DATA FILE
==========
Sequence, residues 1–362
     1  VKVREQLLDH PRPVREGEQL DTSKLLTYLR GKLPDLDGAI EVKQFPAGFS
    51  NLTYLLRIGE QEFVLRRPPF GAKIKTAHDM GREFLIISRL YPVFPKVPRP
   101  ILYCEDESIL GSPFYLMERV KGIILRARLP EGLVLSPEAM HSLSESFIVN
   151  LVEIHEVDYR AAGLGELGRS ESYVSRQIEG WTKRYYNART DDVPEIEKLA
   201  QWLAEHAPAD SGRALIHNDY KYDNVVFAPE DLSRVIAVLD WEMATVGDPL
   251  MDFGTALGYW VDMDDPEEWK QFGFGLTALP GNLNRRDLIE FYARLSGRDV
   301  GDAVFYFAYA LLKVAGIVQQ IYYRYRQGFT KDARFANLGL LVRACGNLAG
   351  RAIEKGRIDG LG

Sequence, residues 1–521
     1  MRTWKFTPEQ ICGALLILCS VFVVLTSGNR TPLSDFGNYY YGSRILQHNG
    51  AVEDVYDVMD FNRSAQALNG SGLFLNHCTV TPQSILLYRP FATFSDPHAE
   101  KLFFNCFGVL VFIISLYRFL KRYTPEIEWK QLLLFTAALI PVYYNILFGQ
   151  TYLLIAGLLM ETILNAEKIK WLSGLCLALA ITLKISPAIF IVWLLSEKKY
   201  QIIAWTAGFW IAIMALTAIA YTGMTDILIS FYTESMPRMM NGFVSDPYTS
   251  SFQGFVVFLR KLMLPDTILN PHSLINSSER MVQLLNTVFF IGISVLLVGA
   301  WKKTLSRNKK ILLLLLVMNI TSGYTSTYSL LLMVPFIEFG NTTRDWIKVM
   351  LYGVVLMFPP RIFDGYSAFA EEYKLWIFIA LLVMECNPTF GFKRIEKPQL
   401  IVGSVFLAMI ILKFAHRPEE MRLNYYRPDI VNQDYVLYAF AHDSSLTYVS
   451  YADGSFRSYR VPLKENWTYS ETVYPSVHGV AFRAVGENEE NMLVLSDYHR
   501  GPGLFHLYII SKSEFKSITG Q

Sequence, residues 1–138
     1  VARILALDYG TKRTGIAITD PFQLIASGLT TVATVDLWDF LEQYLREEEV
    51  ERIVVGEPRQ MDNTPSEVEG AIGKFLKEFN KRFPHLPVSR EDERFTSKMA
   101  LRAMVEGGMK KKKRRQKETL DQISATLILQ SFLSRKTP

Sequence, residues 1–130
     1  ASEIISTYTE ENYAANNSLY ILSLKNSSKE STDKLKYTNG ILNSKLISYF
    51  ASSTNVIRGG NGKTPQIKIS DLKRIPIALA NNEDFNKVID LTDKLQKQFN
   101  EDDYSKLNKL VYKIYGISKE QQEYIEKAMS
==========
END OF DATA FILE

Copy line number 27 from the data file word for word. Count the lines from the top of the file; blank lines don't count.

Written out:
     1  ASEIISTYTE ENYAANNSLY ILSLKNSSKE STDKLKYTNG ILNSKLISYF